PDP chief Mehbooba Mufti defends father's statement
Jammu/New Delhi: With the newly sworn-in Jammu and Kashmir Chief Minister Mufti Mohammad Sayeed's statement crediting "people from across the border" for conduct of Assembly polls triggering a controversy, his daughter and PDP Chief Mehbooba Mufti stood by her father's statement.
"My father has not said anything wrong as during the Assembly elections, violence was less as compared to Parliament elections. I stand by his statement," Mehbooba told reporters at State Legislature complex on Monday.
"If some people expect that my father say bomb Pakistan and throw Hurriyat leaders in jails in Delhi -- as Farooq used to say.. I am sorry to say, my father is not used to that language," she said.
Soon after taking oath on Sunday, Sayeed had said that credit must be given to people from across the border – an oblique reference to Pakistan -- Hurriyat and militant outfits for "allowing a conducive atmosphere" for the Assembly polls in December last year in J-K.
Calling her father a "man advocating reconciliation and resolution", Mehbooba hit out at Congress for raising the pitch over the issue.
They (Congress) have nothing to do now and they are becoming irrelevant day in and day out, she said.
Reiterating her stance, the PDP leader said that the process of de-escalation to certain extent started from Hurriyat and Pakistan in these elections, which cannot be denied.
Apart from giving credit to the people of the state, we have always appreciated security forces and police, she added.
"Our agenda of alliance [with the Bharatiya Janata Party] has clearly listed how peace can be achieved in Jammu and Kashmir, with whom we can engage and hold dialogues and how we can bring forward (former prime minister Atal Bihari Vajpayee's) agenda for peace," Mehbooba said.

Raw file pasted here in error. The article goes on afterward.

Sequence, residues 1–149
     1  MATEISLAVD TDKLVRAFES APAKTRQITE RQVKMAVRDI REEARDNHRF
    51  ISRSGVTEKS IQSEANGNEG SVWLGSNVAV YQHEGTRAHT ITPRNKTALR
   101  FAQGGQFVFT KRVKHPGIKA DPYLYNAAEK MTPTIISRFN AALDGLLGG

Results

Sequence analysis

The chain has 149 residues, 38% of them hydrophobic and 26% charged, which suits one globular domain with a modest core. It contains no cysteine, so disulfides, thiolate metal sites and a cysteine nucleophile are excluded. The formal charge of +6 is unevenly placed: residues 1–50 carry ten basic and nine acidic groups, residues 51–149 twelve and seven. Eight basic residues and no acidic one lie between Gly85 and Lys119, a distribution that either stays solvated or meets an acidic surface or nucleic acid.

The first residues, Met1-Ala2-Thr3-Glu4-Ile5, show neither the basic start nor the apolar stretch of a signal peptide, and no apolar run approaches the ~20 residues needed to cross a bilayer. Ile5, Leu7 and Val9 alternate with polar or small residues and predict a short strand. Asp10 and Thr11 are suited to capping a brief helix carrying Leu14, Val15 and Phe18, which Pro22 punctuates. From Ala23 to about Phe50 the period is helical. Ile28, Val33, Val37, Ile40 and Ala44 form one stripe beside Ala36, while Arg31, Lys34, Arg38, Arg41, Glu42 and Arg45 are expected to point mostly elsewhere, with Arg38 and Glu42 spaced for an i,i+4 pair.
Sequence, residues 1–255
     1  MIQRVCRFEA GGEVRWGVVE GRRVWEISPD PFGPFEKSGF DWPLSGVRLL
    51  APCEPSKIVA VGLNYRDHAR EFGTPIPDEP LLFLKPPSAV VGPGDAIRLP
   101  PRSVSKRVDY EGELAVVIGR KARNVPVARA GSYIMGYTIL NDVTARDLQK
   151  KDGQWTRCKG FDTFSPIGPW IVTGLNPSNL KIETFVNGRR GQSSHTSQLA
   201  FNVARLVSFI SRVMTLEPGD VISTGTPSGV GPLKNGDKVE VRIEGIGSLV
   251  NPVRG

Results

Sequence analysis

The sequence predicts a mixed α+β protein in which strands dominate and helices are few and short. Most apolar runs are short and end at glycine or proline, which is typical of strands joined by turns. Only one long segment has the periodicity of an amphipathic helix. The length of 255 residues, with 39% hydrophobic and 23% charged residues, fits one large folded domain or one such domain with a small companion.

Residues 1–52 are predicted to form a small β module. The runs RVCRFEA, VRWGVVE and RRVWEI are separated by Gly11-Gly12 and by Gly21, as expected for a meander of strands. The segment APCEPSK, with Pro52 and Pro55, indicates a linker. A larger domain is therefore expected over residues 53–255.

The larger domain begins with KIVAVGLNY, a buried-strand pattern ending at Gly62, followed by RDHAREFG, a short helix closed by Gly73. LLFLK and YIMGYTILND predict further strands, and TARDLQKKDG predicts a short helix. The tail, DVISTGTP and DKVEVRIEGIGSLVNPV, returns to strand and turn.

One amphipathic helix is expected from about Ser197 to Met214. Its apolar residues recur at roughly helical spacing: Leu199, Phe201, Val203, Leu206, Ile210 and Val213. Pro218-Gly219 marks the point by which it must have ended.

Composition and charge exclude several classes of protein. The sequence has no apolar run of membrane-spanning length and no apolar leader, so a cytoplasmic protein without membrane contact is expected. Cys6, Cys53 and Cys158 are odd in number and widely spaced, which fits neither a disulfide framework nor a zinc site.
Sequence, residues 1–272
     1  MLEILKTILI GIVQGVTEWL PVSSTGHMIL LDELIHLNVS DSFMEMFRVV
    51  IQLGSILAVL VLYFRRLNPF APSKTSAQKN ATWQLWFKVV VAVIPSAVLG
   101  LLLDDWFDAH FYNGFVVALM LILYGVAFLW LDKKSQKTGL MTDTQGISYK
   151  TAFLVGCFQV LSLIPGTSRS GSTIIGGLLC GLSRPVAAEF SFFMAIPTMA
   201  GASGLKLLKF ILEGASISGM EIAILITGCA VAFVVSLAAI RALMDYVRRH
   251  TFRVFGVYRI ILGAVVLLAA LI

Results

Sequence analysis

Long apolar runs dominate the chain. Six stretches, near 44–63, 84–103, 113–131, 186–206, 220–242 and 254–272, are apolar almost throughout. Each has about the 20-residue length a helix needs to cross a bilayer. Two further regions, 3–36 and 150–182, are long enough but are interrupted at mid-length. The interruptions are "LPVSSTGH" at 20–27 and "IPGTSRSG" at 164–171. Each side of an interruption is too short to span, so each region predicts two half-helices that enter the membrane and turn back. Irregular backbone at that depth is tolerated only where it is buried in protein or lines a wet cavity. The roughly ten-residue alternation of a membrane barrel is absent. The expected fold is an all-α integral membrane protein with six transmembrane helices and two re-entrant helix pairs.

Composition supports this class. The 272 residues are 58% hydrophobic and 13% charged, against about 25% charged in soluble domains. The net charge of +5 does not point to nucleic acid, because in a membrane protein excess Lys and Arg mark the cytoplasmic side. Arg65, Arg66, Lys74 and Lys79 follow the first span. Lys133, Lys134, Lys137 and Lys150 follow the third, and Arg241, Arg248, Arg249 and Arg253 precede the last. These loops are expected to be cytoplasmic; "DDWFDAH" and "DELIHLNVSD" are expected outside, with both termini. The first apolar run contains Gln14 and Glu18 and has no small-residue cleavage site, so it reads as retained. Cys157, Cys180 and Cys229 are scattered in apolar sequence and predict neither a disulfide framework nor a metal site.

"Mufti saab considers the entire populace of the state. There is no need to put people in jail, no need to bash each other up. Any talks that might occur with separatists must take place within the frameworks of democracy," she said.
Mehbooba maintained that "there were fewer instances of stone pelting" in the assembly elections leading to a "larger turnout".
"We felt that the separatists and Pakistani elements have also understood that democracy is the only way out," she said.
The leader also pointed out that the party is looking at "increasing the stakes of people in the democratic process and bring peace to Jammu and Kashmir".
Meanwhile, Ram Madhav, who was BJP's key negotiator for the alliance with PDP, disagreed with Sayeed's comments.
On a day Parliament was rocked on the issue, he said the credit belonged to people, security forces and the election commission.
A General Secretary of BJP, Madhav acknowledged that both the parties had "great differences" on many political issues but came together to respect the mandate provide the state its most "representative government" ever.
"We attribute it (smooth polls) to three factors, the people of state, security agencies and the election commission," he said when asked about Sayeed's comments, which rocked Parliament.
"We have great differences on many political issues. The alliance with PDP was the best available and most difficult. We had keep interest of the state in mind and respect the mandate. This is the most representative government J and K has ever got," he said.
Rejecting the charge that it is the lure of power which brought the two ideologically opposite parties together, he said PDP had "better options" in National Conference and Congress, both of which had been announcing "one-sided wedding" with PDP.
But, Madhav said, PDP and BJP came together to respect the mandate.
The alliance government has three core issues on its agenda; restoring peace, rehabilitation of flood victims and equitable development of all three regions. Kashmiri Pandit leaders will be taken into confidence as regards any rehabilitation exercise concerning the displaces community members, he said.
Asked about the RSS' views on the alliance, Madhav said the suggestions of "parivar elders" were taken into account.
"There is no excuse for this government to fail. It has the support of almost 60 MLAs," he said. The state Assembly has 87 members.